Summer school

Namine starts a month of summer school this week.

It’s official: Namine has completed her first year of high school. She had one week off, and now she’s starting a month (well, from the 5th to the 29th) of summer school. She had her choice of two classes out of I don’t know how many — the RVA has quite a wide array — and she chose Creative Writing and Medical Terminology.

Namine has always been a creative person. She’s always crafting stories, whether in art or prose, on physical or digital media. So it’s no surprise that she would want to sign up for a class that encourages that creative output.

Namine’s other choice of class might seem to have come out of the blue, but it doesn’t really. She’s been exposed to the inner workings of the medical field for literally all of her life. She is already quite informed about her own medical conditions and needs, but she naturally wants to expand her knowledge past herself. One of her aspirations is to go into the medical field herself — whether for humans or animals is still undecided — so this a class on medical terminology is an obvious first step.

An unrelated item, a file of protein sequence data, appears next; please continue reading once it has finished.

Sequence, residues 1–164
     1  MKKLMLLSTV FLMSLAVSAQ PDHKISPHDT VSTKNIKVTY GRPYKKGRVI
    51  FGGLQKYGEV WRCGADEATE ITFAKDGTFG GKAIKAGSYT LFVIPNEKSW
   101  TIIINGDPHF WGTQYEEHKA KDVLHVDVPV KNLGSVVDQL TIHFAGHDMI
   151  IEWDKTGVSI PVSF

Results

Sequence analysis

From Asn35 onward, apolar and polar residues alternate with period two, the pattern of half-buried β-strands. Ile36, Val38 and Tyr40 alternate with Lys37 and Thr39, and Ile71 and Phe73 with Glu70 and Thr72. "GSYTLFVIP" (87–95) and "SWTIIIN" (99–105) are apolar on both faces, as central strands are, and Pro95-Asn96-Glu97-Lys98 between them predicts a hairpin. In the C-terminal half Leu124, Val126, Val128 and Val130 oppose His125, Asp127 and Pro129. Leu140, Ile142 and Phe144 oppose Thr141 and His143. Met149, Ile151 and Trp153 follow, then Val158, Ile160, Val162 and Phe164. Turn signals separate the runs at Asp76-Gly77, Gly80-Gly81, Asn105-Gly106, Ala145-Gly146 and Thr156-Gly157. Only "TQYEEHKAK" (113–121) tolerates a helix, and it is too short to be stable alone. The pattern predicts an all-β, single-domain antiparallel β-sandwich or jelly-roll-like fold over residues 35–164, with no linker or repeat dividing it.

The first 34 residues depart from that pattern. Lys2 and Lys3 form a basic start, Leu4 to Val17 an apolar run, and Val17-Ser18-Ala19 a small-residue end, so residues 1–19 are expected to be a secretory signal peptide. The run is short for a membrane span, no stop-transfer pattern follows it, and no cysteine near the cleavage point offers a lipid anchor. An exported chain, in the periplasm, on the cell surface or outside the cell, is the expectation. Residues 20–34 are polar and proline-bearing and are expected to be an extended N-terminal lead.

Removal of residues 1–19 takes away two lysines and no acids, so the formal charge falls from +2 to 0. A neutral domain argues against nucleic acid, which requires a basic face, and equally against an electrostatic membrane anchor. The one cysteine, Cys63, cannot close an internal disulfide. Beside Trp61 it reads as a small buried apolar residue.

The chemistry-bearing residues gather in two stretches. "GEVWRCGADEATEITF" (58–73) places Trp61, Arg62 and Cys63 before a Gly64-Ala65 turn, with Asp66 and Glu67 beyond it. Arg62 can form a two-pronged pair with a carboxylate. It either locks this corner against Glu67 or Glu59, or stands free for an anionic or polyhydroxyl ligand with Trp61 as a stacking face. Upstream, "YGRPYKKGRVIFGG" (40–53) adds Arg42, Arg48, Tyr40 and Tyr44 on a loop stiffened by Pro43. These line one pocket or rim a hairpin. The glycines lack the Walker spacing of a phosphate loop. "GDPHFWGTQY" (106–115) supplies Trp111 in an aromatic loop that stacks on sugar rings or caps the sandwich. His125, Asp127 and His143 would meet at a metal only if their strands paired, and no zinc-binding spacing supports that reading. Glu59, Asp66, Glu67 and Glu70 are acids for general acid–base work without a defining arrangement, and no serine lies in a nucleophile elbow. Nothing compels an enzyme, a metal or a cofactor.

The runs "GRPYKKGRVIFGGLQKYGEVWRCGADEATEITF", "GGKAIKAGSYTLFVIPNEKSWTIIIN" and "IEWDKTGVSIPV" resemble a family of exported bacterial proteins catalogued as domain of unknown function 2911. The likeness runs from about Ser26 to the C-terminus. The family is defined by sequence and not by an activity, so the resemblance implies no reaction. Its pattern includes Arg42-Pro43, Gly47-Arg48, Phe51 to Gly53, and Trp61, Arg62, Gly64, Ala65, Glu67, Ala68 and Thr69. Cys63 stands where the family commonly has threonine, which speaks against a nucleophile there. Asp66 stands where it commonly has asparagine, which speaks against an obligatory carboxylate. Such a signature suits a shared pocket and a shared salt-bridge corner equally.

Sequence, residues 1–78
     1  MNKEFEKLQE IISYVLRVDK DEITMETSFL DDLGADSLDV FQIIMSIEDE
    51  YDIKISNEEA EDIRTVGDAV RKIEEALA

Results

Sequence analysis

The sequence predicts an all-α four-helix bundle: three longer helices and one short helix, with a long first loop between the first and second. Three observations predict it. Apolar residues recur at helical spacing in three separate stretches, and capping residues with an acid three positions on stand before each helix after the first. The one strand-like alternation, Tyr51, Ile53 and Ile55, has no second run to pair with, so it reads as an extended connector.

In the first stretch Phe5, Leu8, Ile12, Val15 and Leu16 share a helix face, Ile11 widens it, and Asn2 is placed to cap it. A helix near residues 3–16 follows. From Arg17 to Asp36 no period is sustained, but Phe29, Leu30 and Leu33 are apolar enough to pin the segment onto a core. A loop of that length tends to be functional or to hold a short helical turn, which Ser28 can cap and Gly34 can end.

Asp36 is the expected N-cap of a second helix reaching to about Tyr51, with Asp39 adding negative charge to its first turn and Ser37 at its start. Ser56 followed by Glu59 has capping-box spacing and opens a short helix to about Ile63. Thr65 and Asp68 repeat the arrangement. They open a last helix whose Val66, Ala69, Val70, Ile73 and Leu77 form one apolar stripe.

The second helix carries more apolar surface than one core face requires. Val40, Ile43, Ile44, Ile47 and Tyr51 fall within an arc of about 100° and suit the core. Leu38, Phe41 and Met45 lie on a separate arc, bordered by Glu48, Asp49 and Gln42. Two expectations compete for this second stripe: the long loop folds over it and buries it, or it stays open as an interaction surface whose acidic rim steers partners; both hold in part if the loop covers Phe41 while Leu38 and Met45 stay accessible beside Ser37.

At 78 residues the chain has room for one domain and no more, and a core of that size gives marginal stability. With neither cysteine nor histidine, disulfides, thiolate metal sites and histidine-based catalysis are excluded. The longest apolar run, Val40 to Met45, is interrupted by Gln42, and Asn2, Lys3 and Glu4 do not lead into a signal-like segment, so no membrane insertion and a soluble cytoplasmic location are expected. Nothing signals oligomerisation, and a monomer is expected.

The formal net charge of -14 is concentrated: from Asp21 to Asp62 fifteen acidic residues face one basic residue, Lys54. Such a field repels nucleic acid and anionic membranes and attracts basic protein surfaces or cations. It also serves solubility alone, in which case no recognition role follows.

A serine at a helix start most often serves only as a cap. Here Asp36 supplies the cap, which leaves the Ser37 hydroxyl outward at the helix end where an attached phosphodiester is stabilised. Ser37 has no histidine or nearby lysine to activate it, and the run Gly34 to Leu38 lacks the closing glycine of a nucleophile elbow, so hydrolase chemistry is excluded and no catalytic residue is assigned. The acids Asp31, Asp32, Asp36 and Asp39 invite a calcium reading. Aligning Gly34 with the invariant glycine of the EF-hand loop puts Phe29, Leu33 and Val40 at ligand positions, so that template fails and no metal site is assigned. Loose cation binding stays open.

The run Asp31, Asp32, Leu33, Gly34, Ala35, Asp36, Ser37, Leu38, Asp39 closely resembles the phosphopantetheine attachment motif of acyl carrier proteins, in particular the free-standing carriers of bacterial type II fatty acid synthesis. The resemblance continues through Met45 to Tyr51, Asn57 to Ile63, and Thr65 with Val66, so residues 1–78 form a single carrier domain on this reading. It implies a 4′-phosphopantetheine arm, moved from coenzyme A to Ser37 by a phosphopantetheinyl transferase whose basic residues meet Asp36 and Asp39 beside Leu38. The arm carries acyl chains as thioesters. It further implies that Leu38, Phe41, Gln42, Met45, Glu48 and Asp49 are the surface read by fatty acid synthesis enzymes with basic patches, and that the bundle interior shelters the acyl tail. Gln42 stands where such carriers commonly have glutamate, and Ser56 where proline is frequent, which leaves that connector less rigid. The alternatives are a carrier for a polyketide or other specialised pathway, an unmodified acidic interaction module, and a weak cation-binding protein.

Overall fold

When Jessica told me that she and Namine had finished signing her up for summer school, I was surprised. I asked Namine if she was not doing well. She was; she finished out the school year with mostly As and Bs, and a couple Cs. (Not too different from Jessica and myself when we were young, to be honest.)

No, enrolling Namine in summer school was not in response to poor performance, but rather an effort to keep her brain active beyond the normal reading and self-led learning she normally does. Jessica — a teacher by training and trade, remember — explained to me that studies have shown that students who do not engage in active learning over the summer actually see a decline in their academics.

This is an opportunity for me to rise out of my own ignorance to learn something new. When I was a boy, the term “summer school” was synonymous with punishment. You did poorly in school the previous year — maybe you didn’t get held back, but poorly enough that it was a concern — so you had to continue attending school over the summer.

That’s a misconception I know I’m not alone in having. I can’t do anything about it in others, probably, but I can certainly rectify it in myself. My hope is that in writing about it, I can spread awareness and correct the perception. A rising tide lifts all boats, after all.

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